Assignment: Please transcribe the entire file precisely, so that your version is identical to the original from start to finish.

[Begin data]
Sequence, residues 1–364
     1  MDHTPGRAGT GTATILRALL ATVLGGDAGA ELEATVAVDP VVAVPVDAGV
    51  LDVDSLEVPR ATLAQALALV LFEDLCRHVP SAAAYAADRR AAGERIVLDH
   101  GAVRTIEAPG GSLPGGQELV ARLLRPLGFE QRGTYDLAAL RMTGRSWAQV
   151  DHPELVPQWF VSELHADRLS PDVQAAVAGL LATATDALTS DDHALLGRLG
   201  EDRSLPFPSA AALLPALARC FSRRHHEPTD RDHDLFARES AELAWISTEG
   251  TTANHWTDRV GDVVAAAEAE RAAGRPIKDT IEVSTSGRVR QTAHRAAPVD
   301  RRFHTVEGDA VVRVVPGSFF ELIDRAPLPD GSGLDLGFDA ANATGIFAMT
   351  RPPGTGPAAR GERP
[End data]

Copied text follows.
Sequence, residues 1–364
     1  MDHTPGRAGT GTATILRALL ATVLGGDAGA ELEATVAVDP VVAVPVDAGV
    51  LDVDSLEVPR ATLAQALALV LFEDLCRHVP SAAAYAADRR AAGERIVLDH
   101  GAVRTIEAPG GSLPGGQELV ARLLRPLGFE QRGTYDLAAL RMTGRSWAQV
   151  DHPELVPQWF VSELHADRLS PDVQAAVAGL LATATDALTS DDHALLGRLG
   201  EDRSLPFPSA AALLPALARC FSRRHHEPTD RDHDLFARES AELAWISTEG
   251  TTANHWTDRV GDVVAAAEAE RAAGRPIKDT IEVSTSGRVR QTAHRAAPVD
   301  RRFHTVEGDA VVRVVPGSFF ELIDRAPLPD GSGLDLGFDA ANATGIFAMT
   351  RPPGTGPAAR GERP